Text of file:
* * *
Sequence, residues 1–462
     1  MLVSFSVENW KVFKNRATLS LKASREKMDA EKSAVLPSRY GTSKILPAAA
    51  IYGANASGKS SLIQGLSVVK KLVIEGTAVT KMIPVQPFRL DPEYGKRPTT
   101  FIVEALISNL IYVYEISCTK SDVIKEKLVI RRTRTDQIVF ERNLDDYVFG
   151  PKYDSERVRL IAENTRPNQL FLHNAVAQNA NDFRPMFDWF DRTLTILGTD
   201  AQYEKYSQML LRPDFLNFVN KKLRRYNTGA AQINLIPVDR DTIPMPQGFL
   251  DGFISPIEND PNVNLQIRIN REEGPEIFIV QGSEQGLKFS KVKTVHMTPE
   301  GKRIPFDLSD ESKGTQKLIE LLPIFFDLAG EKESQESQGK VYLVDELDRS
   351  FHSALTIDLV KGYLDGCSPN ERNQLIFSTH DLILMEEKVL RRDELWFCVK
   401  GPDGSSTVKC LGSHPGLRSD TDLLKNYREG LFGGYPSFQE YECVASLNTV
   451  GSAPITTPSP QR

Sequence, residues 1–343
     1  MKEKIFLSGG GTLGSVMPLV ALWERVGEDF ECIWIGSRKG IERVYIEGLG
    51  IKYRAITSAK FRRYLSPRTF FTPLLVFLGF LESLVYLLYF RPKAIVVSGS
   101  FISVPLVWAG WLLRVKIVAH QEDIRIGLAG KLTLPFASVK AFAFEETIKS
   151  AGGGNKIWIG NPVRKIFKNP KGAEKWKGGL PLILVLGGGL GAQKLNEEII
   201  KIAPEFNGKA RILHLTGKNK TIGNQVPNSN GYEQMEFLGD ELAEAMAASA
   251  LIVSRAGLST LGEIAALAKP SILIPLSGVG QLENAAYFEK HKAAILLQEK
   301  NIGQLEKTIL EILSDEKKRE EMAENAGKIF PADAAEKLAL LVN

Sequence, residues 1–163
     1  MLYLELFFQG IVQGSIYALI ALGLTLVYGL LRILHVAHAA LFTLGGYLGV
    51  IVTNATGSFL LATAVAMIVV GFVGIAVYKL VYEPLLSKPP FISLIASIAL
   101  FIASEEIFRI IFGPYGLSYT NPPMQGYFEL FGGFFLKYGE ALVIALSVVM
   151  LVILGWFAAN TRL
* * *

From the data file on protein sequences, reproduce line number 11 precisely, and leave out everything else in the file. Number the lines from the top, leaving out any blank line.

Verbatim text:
   451  GSAPITTPSP QR